The Perils of Feeling In-Between: The Experiences of Emerging Adult Novice Teachers
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This paper explores whether emerging adults who are also new teachers experience any negative consequences connected with the “in-between” feeling of emerging adulthood. A survey was administered to 58 first-year teachers to identify teachers who were satisfied and dissatisfied with their classroom management experiences. A subsample of 16 teachers were interviewed to elicit their narratives of becoming adult and becoming a teacher. Teachers used three frameworks to define and describe the experience of adulthood. Completing the Adult Checklist is a global status identified by the attainment of social role markers associated with adulthood. Feeling Adult is a subjective experience of adulthood that varies across contexts and is dependent on comparisons of the self with others. The third framework, Seen As Adult, is the establishment of adult status in the perceptions of significant others. Teachers dissatisfied with their classroom management were found to say that they did not Feel Adult in their classrooms and that they were not Seen As Adult by their students or other teachers. Implications are discussed for the study of difficulties encountered by emerging adults who take on roles in which they are expected to act in an adult capacity.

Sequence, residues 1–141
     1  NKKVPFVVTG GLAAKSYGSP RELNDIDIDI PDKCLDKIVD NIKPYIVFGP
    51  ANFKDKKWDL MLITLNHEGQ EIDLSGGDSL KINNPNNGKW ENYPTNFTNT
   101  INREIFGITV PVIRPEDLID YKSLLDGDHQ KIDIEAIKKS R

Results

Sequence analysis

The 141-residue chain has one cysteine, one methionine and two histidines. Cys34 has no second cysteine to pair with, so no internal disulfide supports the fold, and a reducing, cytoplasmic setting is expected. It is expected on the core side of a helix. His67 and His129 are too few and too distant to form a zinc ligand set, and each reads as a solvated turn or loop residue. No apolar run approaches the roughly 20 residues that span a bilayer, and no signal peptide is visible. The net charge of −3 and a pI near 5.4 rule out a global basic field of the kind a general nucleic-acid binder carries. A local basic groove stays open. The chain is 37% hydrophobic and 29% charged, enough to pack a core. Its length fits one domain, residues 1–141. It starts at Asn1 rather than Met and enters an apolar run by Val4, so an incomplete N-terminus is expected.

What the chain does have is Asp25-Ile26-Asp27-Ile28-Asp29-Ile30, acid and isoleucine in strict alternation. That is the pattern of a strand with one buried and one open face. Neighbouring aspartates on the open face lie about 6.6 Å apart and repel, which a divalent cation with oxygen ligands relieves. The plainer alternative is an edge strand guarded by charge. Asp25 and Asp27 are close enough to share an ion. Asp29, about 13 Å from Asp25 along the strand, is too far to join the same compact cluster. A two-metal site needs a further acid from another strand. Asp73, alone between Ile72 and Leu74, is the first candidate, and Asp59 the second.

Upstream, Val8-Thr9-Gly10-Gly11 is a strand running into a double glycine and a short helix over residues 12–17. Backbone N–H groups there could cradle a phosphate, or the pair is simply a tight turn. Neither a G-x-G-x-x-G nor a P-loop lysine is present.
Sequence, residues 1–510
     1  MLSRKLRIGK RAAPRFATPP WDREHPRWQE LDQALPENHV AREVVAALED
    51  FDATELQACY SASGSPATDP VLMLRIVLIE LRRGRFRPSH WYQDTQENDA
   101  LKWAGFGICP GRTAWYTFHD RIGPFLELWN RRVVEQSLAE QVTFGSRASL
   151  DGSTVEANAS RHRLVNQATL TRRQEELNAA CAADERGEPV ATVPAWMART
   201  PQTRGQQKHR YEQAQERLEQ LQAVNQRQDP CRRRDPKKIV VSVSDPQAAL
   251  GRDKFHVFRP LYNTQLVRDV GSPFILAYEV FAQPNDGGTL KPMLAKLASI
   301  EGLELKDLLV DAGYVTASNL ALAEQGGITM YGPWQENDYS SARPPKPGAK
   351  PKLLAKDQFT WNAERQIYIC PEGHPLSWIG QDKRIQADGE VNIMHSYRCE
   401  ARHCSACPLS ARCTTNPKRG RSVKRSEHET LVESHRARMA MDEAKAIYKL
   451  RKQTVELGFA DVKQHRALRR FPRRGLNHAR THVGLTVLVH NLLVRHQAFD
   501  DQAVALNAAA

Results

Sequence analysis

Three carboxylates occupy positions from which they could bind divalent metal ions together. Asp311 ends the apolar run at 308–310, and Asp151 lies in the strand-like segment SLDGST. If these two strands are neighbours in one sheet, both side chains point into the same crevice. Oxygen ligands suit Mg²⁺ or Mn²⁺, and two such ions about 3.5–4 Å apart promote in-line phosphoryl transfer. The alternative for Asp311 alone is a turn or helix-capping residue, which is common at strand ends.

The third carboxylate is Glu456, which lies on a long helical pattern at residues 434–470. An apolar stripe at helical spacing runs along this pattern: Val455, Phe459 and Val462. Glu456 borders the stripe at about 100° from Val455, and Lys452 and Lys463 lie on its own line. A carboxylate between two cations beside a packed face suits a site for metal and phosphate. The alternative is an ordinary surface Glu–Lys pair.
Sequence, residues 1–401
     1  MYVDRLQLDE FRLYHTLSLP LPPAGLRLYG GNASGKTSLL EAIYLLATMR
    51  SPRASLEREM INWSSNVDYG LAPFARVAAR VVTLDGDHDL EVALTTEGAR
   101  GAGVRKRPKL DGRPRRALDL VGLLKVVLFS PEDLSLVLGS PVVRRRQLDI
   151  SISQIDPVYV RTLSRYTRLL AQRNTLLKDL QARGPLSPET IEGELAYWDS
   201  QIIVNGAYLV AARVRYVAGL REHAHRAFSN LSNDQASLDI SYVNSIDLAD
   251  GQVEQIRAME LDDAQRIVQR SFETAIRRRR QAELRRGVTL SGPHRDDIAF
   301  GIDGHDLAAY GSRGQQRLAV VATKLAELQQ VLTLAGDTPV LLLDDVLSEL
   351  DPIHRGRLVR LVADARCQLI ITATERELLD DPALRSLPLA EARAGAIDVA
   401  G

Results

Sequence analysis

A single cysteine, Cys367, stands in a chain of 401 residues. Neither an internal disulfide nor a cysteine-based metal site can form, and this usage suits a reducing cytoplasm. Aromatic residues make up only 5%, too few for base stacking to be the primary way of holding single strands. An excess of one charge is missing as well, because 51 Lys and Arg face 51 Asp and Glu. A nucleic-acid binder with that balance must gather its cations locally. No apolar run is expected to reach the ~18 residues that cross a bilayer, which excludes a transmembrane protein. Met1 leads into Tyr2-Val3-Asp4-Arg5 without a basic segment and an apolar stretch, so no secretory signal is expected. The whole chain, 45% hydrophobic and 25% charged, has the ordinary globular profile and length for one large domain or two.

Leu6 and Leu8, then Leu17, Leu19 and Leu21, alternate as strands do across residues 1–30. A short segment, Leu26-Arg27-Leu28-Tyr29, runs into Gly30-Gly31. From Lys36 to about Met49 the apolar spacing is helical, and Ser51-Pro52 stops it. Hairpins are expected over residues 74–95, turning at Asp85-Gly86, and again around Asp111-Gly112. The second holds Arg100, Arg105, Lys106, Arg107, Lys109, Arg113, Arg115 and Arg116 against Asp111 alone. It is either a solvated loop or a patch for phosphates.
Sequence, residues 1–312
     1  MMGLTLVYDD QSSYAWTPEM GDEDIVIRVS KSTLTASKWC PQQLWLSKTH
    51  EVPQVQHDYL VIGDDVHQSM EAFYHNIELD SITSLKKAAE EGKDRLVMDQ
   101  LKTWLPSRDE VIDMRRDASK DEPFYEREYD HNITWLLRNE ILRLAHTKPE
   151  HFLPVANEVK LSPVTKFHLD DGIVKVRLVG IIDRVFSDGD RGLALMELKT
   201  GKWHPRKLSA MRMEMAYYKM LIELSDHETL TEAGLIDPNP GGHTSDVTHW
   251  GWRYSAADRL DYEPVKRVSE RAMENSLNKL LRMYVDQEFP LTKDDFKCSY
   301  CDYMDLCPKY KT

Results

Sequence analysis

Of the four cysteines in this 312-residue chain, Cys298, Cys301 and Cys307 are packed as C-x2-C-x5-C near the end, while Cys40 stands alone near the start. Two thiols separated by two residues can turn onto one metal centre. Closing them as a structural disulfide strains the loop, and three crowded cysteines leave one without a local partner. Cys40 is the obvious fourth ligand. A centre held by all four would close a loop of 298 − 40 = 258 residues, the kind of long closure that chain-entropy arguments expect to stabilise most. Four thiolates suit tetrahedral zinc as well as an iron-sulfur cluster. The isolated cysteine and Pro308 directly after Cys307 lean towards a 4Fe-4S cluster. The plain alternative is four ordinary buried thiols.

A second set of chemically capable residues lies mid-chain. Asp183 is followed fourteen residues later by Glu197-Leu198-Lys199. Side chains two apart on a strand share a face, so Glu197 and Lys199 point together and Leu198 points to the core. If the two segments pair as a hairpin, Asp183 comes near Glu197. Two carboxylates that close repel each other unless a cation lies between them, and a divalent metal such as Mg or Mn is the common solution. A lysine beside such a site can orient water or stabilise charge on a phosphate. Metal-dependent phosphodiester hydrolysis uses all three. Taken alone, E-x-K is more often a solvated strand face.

KeywordsEmerging adulthood Identity Narrative Teachers
Compliance with Ethical Standards
Conflict of interest
The author declared no potential conflicts of interest with respect to the research, authorship, and/or publication of this article.
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